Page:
C. Disgorgement of Client Fees

Next, Parker challenges the monetary sanctions imposed by the Bankruptcy Court in the Five Cases. While those cases were not appealed, the order in In re Darryl A. Parker conditions Parker's reinstatement to practice in the Bankruptcy Court on his compliance "with all of the monetary sanctions ordered in each of the Five Cases" and required "proof of payment of the monetary sanctions in each of the Five Cases" in his reinstatement application. Bankr. Rec. at 6. Hence, the monetary sanctions appear to have been integrated into the miscellaneous proceeding's order and will thus be addressed by the Court for good measure.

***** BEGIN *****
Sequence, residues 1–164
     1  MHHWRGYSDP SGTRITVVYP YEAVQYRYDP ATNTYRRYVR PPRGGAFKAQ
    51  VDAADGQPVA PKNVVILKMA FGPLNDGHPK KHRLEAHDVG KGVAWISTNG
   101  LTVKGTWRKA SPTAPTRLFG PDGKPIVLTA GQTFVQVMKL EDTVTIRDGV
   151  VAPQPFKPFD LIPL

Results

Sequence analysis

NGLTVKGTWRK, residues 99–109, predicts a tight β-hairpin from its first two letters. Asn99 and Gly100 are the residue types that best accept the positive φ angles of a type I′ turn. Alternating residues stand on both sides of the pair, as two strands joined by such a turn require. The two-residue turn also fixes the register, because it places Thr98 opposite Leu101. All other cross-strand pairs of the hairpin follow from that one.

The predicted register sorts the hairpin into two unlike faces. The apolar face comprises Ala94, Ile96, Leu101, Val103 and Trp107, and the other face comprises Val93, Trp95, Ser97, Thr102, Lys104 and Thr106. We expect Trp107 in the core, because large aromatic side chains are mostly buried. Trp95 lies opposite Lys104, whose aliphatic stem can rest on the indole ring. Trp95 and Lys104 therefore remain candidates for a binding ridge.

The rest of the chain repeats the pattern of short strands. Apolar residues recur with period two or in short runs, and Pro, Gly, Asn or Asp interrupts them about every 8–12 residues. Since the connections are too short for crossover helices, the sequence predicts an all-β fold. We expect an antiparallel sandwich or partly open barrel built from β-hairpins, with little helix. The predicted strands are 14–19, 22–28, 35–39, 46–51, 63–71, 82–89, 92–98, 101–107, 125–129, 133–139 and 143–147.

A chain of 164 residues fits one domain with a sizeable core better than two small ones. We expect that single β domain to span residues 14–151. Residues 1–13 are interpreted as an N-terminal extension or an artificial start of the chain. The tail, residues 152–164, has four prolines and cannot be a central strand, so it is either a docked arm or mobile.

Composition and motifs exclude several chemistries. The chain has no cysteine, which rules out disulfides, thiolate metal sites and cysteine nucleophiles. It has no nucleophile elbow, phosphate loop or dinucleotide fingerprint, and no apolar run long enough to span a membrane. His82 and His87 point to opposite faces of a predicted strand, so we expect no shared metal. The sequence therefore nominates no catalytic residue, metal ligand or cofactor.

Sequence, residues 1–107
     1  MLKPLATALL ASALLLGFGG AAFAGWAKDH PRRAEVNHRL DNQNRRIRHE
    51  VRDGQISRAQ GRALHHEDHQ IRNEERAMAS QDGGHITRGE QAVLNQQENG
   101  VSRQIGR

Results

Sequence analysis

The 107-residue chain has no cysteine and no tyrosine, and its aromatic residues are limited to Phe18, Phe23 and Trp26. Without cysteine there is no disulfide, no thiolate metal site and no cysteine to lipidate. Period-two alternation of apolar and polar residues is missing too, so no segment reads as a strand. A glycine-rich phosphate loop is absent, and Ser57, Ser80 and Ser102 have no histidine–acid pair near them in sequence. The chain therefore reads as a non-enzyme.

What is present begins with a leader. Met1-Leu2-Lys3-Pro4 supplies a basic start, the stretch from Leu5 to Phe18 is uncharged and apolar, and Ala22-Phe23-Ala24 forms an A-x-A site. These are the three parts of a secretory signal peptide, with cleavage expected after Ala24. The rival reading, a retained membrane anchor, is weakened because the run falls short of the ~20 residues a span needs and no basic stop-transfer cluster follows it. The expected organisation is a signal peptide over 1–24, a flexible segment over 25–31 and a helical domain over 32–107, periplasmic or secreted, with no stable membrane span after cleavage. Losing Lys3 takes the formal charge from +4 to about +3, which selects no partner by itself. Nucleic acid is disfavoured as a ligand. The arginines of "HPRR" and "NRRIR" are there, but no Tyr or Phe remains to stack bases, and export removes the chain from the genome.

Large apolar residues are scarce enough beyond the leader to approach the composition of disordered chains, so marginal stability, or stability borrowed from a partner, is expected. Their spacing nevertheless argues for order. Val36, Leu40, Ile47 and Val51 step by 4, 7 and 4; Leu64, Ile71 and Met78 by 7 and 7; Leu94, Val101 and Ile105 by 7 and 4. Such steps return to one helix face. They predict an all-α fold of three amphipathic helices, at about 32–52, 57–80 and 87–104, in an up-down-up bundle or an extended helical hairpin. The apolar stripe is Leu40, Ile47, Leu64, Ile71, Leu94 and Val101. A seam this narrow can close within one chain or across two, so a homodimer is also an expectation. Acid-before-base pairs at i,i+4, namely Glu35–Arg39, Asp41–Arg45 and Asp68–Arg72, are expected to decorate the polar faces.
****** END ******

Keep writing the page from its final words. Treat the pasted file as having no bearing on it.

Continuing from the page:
The first type of monetary sanction imposed on Parker in the Five Cases was an order that Parker "disgorge to the [debtor] all fees paid in [the] case", including filing and attorney's fees. See Smith Order, Dkt No. 1-13; Chavis Order, Dkt. No. 12; Staten Order, Dkt. No. 14; Tucker Order, Dkt. No. 15; Vaughan Order, Dkt. No. 16. This is based upon the Bankruptcy Court's determination that Parker provided no value to his clients. See Smith Memorandum Opinion, Page 16-17, Dkt. No 1-17; Chavis Order, Dkt. No. 1-12; Staten Order, Dkt. No. 1-14; Tucker Order, Dkt. No. 1-15; Vaughan Order, Dkt. No. 1-16.